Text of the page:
'World champion' Hungary does not need IMF: PM

21st July 2010, Comments 0 comments

Hungary's prime minister said Wednesday his "world champion" country did not need a new IMF credit line when the current one expires in October, after talks with the lender broke down last weekend.

"Hungary and the International Monetary Fund had a deal, which expires in October. So there is no point in negotiating long-term questions with the IMF," Viktor Orban said in Berlin after talks with German Chancellor Angela Merkel.

"Once it expires, we no longer have to negotiate with the IMF, but with the European Union ... We have to agree with the EU, not with the IMF, how we will reduce our budget deficit ... to less than three percent," he said.

"We are world champions when it comes to cutting spending."

Orban added that Hungary would still manage to cut its budget deficit to 3.8 percent of ecoomic output in 2010, as agreed with the IMF and the EU in return for a 20-billion-euro (25.6-billion-dollar) credit line, untapped so far in 2010.

The comments followed a break-down last weekend in talks between the Hungarian government and the IMF and the EU on reviewing the country's efforts to rein in its deficit.

As a result the Hungarian currency, the florint, tumbled to fresh lows when markets opened again on Monday, and the country's borrowing costs rose as investors jitters resulted in a disappointing auction of government debt.

The IMF and the EU were critical of Hungary's efforts to balance its books, saying Orban's centre-right government, elected in a landslide victory in April, had to do more to meet its targets.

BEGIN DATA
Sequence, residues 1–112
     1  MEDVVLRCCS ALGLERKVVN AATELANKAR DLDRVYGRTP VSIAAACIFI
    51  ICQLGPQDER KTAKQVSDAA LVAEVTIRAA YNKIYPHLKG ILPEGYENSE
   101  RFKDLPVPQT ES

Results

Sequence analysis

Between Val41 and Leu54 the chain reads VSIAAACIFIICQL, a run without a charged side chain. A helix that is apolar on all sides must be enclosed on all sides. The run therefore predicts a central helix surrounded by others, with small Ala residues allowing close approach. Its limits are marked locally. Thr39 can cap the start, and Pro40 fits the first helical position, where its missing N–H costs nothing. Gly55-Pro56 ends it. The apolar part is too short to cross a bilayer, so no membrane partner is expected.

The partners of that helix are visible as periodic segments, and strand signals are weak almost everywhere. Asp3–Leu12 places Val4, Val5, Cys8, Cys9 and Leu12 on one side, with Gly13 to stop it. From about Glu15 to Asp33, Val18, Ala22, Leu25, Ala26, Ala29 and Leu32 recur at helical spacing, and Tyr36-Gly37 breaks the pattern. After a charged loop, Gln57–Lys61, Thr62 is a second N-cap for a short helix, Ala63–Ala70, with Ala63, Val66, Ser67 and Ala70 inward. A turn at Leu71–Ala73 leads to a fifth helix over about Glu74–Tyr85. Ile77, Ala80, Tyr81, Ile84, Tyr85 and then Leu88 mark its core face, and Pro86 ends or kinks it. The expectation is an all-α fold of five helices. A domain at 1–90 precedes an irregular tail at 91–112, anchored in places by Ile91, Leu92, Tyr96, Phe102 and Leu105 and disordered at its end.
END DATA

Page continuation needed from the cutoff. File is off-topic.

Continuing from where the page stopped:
They also attacked a planned bank levy which Orban hopes will generate 650 million euros in extra revenues, saying it will would do serious damage to Hungary's investment climate and hit growth.

Merkel, who as head of Europe's biggest economy would be the largest contributor to any further EU credit line, steered clear of criticising Orban, at least in public.

"Hungary in the long term must return to a stable footing. With a deficit of 3.8 percent it doesn't look that bad, although we have to look at next year," Merkel told a joint news conference.

She also stopped short of directly criticising Orban's planned bank levy, saying only that proceeds from a similary planned levy in Germany were not intended to reduce Berlin's deficit but to create a rescue fund for any future financial crisis.

© 2010 AFP

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